By Nicholas Carpenter || Contributing Writer

On February 7, 2023, President Biden addressed a joint session of Congress for his third State of the Union speech as president. This was his first time addressing a divided Congress, with the Republican Party flipping the House last fall in the 2022 midterm elections. Kevin McCarthy was recently elected Speaker of the House, replacing Nancy Pelosi. Throughout his speech, President Biden emphasized unity and called for Democrats and Republicans to work together to strengthen America. However, he made it clear that he would not back down and will continue to fight for his beliefs, such as protecting and expanding social security, abortion rights, and the Affordable Care Act.

President Biden began his speech by mentioning the many hardships the United States have faced over the last few years and the resilience of the country. He focused on the drastic effects of the  COVID-19 pandemic, the damaged economy, and the Capitol insurrection of January 6, 2021—which Biden said was the greatest threat to democracy since the Civil War. As a call to action for the newly ruptured Congress, Biden stated that the division between Democrats and Republicans only hurts America: “Fighting for the sake of fighting, power for the sake of power, conflict for the sake of conflict, gets us nowhere.” The President needs to appeal to and compromise with the Republican Party if he wants to pass his agenda through Congress. 

Biden then discussed the economic issues that the U.S. has faced throughout his term, and how the country has made great progress toward solving them. The President was criticized for his handling of the economy leading up to the 2022 midterm elections, especially for the expensive gas prices caused by high inflation rates. He argued that America is now “better positioned than any country on earth right now,” citing the record-low unemployment rate and how America’s supply chain is getting stronger, particularly with computer chips. Biden used the economic issues to segue into discussing the importance of infrastructure, and how crucial his $1 trillion dollar infrastructure bill was for the country. He also spoke about high insulin prices and appealed to Congress to fully cap insulin at $35, arguing that it would reduce the federal deficit. To reassure a key part of his audience, Biden promised that he would work to expand coverage of the Affordable Care Act, but would need bipartisan support from Congress. 

The President gave a strong message to Congress, encouraging cooperation  to fight the climate crisis, stating, “The climate crisis doesn’t care if you’re in a red or blue state. It’s an existential threat.” To allocate funds for green-energy infrastructure and to reduce the national deficit, Biden argued that taxes should be increased on billionaires and large corporations, rather than cutting personal benefits such as Social Security and Medicare — he threatened to put a stop to any efforts to cut those two benefits. Biden then promised to “crack down” on high costs forced onto citizens by corporations, such as airline tickets and cable bills, and emphasized the importance of education and paying teachers more. He delivered a powerful statement on the state of capitalism in the United States, stating that “capitalism without competition is not capitalism. It’s extortion. It’s exploitation.”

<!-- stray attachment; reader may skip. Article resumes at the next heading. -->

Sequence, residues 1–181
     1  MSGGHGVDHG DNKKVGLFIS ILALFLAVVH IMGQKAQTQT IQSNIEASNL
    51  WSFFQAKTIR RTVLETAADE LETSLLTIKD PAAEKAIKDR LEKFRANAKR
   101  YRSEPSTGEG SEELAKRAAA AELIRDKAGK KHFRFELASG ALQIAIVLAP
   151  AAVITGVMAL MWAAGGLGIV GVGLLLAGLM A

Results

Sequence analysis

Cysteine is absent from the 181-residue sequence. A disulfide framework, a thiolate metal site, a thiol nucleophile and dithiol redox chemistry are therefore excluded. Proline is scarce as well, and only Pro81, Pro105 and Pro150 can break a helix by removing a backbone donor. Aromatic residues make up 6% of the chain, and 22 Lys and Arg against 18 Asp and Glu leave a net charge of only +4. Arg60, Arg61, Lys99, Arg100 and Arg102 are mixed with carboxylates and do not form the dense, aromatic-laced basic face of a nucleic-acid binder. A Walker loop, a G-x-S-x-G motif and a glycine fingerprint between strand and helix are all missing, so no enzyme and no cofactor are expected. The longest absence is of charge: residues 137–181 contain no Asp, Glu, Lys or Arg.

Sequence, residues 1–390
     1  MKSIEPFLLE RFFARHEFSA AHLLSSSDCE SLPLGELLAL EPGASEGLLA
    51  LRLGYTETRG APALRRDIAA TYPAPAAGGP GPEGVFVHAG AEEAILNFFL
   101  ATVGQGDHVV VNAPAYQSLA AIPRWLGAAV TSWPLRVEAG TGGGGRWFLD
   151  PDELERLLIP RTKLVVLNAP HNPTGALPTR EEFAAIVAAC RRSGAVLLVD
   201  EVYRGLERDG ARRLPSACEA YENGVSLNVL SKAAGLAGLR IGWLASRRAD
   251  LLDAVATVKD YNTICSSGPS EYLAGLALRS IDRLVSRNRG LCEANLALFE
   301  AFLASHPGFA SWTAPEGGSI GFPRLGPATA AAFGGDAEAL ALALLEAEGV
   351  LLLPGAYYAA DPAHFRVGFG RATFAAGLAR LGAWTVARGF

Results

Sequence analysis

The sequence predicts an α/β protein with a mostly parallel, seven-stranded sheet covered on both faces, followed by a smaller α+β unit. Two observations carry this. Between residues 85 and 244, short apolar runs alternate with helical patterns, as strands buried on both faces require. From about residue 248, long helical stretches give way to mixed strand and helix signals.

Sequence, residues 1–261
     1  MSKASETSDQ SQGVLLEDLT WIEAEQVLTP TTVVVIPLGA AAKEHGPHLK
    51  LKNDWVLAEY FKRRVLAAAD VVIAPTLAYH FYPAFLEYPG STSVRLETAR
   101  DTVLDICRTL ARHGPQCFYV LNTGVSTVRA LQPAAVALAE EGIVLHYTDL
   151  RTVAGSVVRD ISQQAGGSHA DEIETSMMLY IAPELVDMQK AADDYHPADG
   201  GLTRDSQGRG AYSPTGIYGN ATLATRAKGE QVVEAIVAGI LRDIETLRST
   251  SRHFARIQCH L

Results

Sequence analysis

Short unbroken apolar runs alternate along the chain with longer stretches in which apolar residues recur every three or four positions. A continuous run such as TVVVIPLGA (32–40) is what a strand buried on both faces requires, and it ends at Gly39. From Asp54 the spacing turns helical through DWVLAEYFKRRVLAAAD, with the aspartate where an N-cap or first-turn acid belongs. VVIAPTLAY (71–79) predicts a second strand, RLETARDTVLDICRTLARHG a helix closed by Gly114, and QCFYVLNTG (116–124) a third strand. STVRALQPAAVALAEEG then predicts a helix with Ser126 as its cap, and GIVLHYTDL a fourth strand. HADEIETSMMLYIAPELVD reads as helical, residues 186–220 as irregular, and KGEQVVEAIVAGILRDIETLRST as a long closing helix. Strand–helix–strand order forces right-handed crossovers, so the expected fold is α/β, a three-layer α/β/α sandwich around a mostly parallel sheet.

Biden addressed the recent murder of Tyre Nichols, who was pulled over and beaten to death by police in Memphis back in January. He expressed his strong concerns about violence from law enforcement in the United States and appealed to Congress to invest more resources into police training and to hold law enforcement accountable for their crimes. Biden spoke about the gun safety bill he passed last year and how big of a step that was towards eliminating gun violence. The President then strengthened his stance on abortion, telling Congress that he would veto any bill that would ban abortion on a national level. He also appealed to Congress to protect immigrants and strengthen LGBTQ+ rights.

This was Biden’s first State of the Union since Russia’s invasion of Ukraine last winter. The President stated that he was proud of the U.S. for coming together to stand for democracy and stand against Putin’s aggression. He also spoke  about the United States’ relationship with China, committing to “work with China where we can advance American interests and benefit the world,” but promising to “protect America should China threaten our sovereignty.” Biden expressed his strong faith in America and its allies, stating, “It’s never, ever been a good bet to bet against America. Never.” After mentioning several other issues, including mental health and cancer, the President closed his speech with a call to the American people and Congress to “remember who we are.”

First-Year Nicholas Carpenter is a contributing writer. His email is